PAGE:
Yesterday we went by train to see Hampton Court Palace. For me, this was another trip to Mecca. The Tudor period is one of my favorite, although not one of the easiest times, especially if you had displeased the king. I took a lot of pictures since we could photograph within most of the palace. Rather than talking, I will just let you look.
Our train from London.
Sorry this is a little dark. The entrance to Hampton Court Palace.
The entrance was lined with a series of these statues. This guy was my favorite.
The Great Hall . . . and yes it is.
This is a room off of the Great Hall. The stained glass was stunning. Note the ceiling.
Portrait of Henry VII. I had never seen this portrait.
Portrait of Henry VIII
This elegant staircase leads up to Henry’s apartments.
Entrance to the Chapel Royal. The crests belonged to Jane Seymour (I believe).
This was an exterior passageway. Note the timber detailing in the brick on the top right. Beautiful.
Henry sometimes fed as many as 1000 people. The kitchen was very large. This is the fireplace in his kitchen.
Looking across the landscape from the back of the palace.
The gardens were gorgeous. This is a sample.
I think this is an aloe vera plant. It is enormous. Thought it would also make a great model for the plant in Little Shop.
Along the back of the palace fronting out on the gardens were a row of statues. I liked this one the best.
This formal garden known as The Pond Garden was beautiful. This is a smaller one adjacent to this one.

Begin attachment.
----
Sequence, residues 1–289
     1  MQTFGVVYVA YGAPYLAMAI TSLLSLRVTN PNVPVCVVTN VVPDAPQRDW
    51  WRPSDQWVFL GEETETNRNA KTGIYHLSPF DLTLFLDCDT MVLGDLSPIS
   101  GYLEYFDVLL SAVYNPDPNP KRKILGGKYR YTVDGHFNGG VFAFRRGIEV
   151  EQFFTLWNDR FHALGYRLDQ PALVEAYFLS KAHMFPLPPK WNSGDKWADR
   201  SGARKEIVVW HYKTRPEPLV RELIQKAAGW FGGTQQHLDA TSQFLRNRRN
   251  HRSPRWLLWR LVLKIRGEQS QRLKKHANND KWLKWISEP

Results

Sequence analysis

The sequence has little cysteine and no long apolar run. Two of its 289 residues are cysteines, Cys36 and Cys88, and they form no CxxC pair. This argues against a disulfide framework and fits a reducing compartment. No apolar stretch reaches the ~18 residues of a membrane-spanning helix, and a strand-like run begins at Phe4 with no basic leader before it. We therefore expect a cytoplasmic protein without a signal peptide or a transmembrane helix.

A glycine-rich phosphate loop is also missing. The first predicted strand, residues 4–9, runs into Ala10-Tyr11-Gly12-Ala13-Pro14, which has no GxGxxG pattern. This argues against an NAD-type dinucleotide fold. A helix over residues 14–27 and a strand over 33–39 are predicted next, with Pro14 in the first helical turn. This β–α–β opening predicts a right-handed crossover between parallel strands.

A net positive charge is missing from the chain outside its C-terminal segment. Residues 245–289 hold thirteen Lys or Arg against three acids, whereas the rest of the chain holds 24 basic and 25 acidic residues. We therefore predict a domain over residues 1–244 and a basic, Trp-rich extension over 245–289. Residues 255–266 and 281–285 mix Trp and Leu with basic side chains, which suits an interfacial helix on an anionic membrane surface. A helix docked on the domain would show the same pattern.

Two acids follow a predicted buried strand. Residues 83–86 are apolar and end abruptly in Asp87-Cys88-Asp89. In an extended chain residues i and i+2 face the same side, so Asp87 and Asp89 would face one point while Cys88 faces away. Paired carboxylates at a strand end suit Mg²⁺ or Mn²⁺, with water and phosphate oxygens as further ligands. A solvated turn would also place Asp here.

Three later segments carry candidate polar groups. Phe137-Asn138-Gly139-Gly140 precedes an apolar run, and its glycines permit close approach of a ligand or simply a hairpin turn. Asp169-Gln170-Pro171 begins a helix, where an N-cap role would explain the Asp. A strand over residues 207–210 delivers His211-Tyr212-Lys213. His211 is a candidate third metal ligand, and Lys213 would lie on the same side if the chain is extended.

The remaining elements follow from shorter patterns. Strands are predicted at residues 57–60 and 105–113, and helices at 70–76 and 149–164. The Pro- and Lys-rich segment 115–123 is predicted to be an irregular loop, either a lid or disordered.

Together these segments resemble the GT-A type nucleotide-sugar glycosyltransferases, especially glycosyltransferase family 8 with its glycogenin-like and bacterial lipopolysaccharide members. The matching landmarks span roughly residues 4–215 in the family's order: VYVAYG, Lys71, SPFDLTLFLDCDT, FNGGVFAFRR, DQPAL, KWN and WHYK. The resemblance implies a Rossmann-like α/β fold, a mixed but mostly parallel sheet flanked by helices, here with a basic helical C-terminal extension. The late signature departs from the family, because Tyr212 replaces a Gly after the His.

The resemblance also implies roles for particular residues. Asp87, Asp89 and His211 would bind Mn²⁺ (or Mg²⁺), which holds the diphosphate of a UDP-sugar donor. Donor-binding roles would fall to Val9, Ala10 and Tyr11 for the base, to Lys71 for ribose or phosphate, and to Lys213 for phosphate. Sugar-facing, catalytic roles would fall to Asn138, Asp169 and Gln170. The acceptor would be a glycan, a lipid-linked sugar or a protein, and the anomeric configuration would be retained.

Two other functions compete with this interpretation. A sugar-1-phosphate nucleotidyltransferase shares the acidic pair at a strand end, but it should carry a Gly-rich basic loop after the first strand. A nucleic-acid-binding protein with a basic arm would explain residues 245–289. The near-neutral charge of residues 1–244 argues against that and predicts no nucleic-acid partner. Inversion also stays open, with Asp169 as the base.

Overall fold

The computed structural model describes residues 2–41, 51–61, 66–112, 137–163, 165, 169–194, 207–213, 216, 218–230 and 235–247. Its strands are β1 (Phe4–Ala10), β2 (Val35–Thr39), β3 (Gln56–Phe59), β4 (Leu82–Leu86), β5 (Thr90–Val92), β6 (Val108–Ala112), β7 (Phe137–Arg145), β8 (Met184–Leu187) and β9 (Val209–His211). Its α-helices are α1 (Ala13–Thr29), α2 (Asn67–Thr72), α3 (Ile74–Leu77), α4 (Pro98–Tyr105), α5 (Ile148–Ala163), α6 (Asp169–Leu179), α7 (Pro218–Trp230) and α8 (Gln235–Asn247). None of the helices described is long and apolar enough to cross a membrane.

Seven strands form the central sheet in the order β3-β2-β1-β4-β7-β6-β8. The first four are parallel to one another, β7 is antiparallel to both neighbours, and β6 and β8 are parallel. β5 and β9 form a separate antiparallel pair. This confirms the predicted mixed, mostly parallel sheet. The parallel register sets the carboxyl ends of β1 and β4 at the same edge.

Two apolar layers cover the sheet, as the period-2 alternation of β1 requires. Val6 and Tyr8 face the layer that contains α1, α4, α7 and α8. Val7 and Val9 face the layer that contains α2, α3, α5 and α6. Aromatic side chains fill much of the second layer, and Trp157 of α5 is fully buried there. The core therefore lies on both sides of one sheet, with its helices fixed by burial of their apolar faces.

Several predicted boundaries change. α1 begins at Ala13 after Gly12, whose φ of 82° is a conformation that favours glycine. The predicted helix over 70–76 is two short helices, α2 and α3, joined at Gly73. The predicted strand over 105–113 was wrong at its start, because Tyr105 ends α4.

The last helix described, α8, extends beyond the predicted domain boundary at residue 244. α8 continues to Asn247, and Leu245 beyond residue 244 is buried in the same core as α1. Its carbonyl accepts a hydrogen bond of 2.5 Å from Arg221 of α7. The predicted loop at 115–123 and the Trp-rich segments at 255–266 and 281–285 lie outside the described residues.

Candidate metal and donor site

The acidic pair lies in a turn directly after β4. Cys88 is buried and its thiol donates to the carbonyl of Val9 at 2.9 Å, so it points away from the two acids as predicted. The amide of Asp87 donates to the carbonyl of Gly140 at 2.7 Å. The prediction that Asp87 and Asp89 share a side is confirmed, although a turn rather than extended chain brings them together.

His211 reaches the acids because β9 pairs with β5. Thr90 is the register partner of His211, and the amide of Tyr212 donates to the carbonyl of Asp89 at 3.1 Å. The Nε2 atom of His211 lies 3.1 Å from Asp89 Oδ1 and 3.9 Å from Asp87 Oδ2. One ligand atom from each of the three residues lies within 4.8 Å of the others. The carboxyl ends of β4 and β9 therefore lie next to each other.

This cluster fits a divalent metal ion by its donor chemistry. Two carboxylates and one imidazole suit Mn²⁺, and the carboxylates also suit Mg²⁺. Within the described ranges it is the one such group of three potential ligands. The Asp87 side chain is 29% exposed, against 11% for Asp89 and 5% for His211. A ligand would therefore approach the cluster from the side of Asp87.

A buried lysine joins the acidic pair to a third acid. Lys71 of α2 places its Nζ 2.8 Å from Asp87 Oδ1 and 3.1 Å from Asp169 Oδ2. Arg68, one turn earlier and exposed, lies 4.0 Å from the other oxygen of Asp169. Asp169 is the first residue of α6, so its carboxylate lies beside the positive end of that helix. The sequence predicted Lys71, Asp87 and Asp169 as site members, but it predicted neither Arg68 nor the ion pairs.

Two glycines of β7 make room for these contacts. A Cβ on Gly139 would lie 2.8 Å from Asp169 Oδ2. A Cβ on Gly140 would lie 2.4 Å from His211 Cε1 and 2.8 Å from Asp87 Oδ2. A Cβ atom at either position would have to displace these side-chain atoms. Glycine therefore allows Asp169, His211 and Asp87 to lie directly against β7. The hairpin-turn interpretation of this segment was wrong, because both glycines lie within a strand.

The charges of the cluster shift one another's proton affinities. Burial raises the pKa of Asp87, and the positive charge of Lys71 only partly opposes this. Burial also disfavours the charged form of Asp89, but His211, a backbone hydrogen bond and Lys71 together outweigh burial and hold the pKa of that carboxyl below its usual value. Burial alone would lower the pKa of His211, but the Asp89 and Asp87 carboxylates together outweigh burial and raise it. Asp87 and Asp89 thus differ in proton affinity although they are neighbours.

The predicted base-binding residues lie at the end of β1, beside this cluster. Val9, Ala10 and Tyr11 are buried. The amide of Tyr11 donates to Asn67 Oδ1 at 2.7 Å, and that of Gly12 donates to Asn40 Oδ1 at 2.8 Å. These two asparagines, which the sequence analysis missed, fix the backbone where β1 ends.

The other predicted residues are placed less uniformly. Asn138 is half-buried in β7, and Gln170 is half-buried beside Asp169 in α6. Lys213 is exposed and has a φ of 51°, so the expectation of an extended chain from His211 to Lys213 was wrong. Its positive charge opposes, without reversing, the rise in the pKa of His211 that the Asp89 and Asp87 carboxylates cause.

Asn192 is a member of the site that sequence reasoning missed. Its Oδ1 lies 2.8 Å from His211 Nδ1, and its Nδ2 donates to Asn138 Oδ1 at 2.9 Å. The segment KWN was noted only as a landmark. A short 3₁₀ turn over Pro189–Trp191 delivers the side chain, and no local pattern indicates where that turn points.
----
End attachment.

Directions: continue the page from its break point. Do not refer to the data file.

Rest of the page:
This is the garden adjacent to The Pond Garden and a smaller one. The colors are much more monochromatic.
In front of the small formal garden.
In William’s apartments this room was the Guard Chamber. Anyone admitted had to pass inspection in this room before they were admitted to the King’s presence. All of the items on the wall are weapons of every kind. Guns, pistols, swords, daggers.
The series of rooms was remarkable. This was William IV Privy Chamber. He would retire to this space to consult with his ministers.
This is the ceiling in William III bedroom.
These statues traverse one of the main gardens of the palace.
We returned to the city, took a brief rest and headed out for the evening production at The National Theatre, A Small Family Business by Alan Ayckbourn. One the way, we had to stop by the backstage of The Book of Mormon to see Gavin Creel. Christina, being an old friend, needed an autograph for someone. He was gracious enough to oblige and I snapped a quick photo for her.
Christina got to say goodbye to her friend Gavin before we left.
The play was a farce. I have heard Ayckbourn referred to as the British Neil Simon. He certainly is an institution like Simon. The production was very good but, I must confess, I had difficulty watching. Perhaps a combination of tired and the realism of the play. This is the first uber realistic production we have seen. It took me awhile to adjust. The set was incredible – six rooms on one set, two floors with working bathroom and kitchen. If nothing else, it was worth seeing for that.
Program cover A Small Family Business